Rosie version 1.0.0-alpha-2 has been released, and the Python module is back!

There is a fresh implementation of librosie.so, making Rosie available (again) from a variety of programming languages. A module for one language, Python, is part of the 1.0.0-alpha-2 release.

I am very interested in feedback and contributions to make rosie.py better. In particular, more arguments can be made into keywords or given default values.

Also, the current api provided by rosie.py returns the match data in a buffer created by the cffi package. This buffer does not have all the features of “standard” Python buffers or memory views. The api returns this buffer in order to avoid making a decision for the user about how the match data will be used. In other words, converting it to a string would require making a copy of the data, whereas often the buffer can be used directly instead.

Rosie can return match data in many forms, though probably the most useful for a Python programmer is the JSON format, which can be processed by json.loads to produce a Python structure.

My experience with JSON libraries leads me to think that many inefficiencies lurk there, however. This is why Rosie has its own JSON generator, tailored to implement only the needed features, and written in C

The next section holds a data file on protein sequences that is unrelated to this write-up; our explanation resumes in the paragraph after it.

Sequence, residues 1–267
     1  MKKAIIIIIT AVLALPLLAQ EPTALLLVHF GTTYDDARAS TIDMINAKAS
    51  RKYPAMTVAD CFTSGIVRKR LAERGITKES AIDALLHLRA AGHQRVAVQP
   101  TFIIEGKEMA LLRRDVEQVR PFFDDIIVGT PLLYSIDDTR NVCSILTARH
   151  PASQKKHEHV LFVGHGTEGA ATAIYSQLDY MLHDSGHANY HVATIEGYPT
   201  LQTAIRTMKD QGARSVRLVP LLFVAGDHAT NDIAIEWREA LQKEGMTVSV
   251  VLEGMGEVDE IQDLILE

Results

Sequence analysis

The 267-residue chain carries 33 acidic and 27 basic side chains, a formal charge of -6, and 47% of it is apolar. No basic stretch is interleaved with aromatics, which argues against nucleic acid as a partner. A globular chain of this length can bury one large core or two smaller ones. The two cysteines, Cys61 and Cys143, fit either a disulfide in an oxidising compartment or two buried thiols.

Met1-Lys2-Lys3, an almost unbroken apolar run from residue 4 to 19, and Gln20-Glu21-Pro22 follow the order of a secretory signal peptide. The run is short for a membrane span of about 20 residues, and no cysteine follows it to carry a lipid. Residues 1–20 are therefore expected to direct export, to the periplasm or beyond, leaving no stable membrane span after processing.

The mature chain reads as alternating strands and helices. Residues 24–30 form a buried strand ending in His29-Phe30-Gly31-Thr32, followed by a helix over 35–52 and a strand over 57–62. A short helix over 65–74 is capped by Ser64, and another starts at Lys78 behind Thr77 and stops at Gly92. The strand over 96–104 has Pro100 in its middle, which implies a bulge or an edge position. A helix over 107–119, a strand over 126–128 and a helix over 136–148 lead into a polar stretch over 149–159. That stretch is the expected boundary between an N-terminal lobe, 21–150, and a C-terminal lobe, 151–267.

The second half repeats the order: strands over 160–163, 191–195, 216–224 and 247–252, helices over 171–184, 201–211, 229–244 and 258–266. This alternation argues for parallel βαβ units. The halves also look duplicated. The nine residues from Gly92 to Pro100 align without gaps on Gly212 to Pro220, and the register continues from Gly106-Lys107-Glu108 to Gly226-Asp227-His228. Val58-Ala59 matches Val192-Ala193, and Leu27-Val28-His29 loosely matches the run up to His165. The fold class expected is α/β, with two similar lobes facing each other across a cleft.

If Python’s json.loads is too slow, there is an attractive alternative. Rosie can produce a byte-encoded output that has a simple format. Match data in this compact encoding can be returned to Python, where it could be decoded in rosie.py. If anyone is interested in coding this up, let me know!

Roadmap

Another alpha release, coming soon, will include rich support for creating character classes based on Unicode properties.

Rosie modules for other languages, like Go, C, node.js, and Ruby, are also forthcoming. We had these for Rosie v0.99, and they are on the roadmap to reproduce for the new librosie in v1.0.0.

And rosie.py will be revised, ideally with some help from Python programmers, to be more Pythonic.

The Rosie macro facility has been “dark launched” in the sense that the following macros are already part of Rosie v1.0.0: * find * findall * ci

Although macro documentation is lacking, some examples are lurking about. Here’s a teaser: The find macro skips ahead until its pattern argument is matched, and captures the pattern argument. Macros are invoked using the macro name followed by a colon. Here’s an example where we want to search for the word “nameserver” at the start of a line that also contains “201”:

$ rosie -o line match '"nameserver" find:"201"' test/resolv.conf 
nameserver 192.9.201.1
nameserver 192.9.201.2
$

Finally, a number of customization capabilities are being designed, along the lines of a ~/.rosierc file, for users of the Rosie CLI and REPL.

Whether you code in Python or any other language that has libffi support, you have access to #modernpatternmatching.


Follow us on Twitter for announcements. We expect v1.0.0-beta to be released before the end of 2017.